“We have always believed in talks … if they lift sanctions, end the imposed economic pressure and return to the deal, we are ready to hold talks with America today, right now and anywhere,” Rouhani said in a televised speech on Sunday.
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But Iran has made any talks conditional on first being able to export as much oil as it did before the US withdrew from the nuclear pact with world powers in May 2018.
Tensions heightened between the longtime foes last year when US President Donald Trump withdrew from the nuclear deal between Iran and six world powers and reimposed sanctions on Tehran that had been lifted under the pact.
In reaction to US sanctions, which have notably targeted Iran’s main foreign revenue stream in the shape of crude oil exports. Tehran announced in May it would scale back its commitments to the deal.
In defiance of a warning by European parties to the pact to continue its full compliance, Tehran amassed more low-enriched uranium than permitted and it has started to enrich uranium above the 3.67 percent permitted under the agreement.
The 2015 deal between Iran and world powers was described as a triumph of diplomacy against unilateralism and a major step in countering proliferation.
The accord promised sanctions relief, economic benefits and an end to international isolation of the Islamic Republic in return for stringent curbs on its nuclear programme.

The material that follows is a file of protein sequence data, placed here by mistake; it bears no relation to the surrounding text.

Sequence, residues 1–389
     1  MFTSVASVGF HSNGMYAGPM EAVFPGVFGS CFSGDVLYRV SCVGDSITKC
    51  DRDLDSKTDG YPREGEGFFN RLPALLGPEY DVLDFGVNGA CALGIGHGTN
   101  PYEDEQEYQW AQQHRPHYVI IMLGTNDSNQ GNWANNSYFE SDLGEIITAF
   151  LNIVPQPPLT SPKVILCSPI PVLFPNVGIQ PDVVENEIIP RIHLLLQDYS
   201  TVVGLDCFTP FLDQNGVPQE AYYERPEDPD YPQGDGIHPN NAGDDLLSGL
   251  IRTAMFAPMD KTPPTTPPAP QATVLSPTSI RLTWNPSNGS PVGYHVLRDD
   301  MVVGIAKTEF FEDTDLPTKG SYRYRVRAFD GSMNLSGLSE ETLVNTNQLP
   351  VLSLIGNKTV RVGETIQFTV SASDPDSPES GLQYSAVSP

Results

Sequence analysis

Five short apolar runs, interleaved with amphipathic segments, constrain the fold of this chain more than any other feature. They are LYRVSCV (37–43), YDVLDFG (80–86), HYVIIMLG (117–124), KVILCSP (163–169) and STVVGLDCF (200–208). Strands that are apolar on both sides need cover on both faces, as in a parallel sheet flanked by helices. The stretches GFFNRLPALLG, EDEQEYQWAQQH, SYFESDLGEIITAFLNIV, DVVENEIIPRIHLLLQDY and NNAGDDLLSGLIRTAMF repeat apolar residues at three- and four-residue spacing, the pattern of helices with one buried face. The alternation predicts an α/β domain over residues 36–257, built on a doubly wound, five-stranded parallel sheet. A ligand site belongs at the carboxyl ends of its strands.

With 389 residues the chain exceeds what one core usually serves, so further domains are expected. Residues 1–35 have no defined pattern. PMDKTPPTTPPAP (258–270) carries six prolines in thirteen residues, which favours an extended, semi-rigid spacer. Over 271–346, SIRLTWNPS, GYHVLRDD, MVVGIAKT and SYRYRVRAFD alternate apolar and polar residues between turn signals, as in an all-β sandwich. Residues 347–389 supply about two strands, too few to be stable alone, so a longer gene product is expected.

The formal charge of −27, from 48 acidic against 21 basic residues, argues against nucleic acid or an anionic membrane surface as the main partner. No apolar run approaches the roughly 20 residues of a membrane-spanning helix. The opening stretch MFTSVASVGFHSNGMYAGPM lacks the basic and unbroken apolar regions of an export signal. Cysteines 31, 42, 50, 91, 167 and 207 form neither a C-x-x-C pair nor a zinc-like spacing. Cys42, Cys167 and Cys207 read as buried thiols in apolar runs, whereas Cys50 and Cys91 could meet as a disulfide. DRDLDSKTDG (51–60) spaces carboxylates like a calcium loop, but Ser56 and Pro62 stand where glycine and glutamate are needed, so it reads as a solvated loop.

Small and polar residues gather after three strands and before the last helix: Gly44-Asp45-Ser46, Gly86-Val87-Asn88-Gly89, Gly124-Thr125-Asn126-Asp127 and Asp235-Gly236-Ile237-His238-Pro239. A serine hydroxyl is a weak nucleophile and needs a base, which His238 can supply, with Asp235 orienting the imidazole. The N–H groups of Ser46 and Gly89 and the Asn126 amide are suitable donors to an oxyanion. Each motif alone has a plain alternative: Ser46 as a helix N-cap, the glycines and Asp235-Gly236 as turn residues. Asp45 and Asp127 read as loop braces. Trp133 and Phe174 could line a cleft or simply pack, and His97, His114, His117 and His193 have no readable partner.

But after the US unilaterally withdrew in May 2018 and reimposed stinging sanctions on Iran, including on its important banking and oil sectors, the future of the accord became uncertain.
As the Iranian economy went into freefall, Tehran demanded that the other parties to the deal, especially France, Germany and the UK, deliver the promised economic benefits and help it bypass US sanctions.
The three European countries on Sunday called for fresh talks aimed at bringing escalating tensions over Iran’s nuclear programme to an end.
“We think that the moment has come to act in a responsible way and look for ways to stop the escalation of tensions and to resume dialogue,” said a statement by the countries’ three leaders.
“The risks are such that is is necessary that all the parties take a pause and think about the possible consequences of their actions.”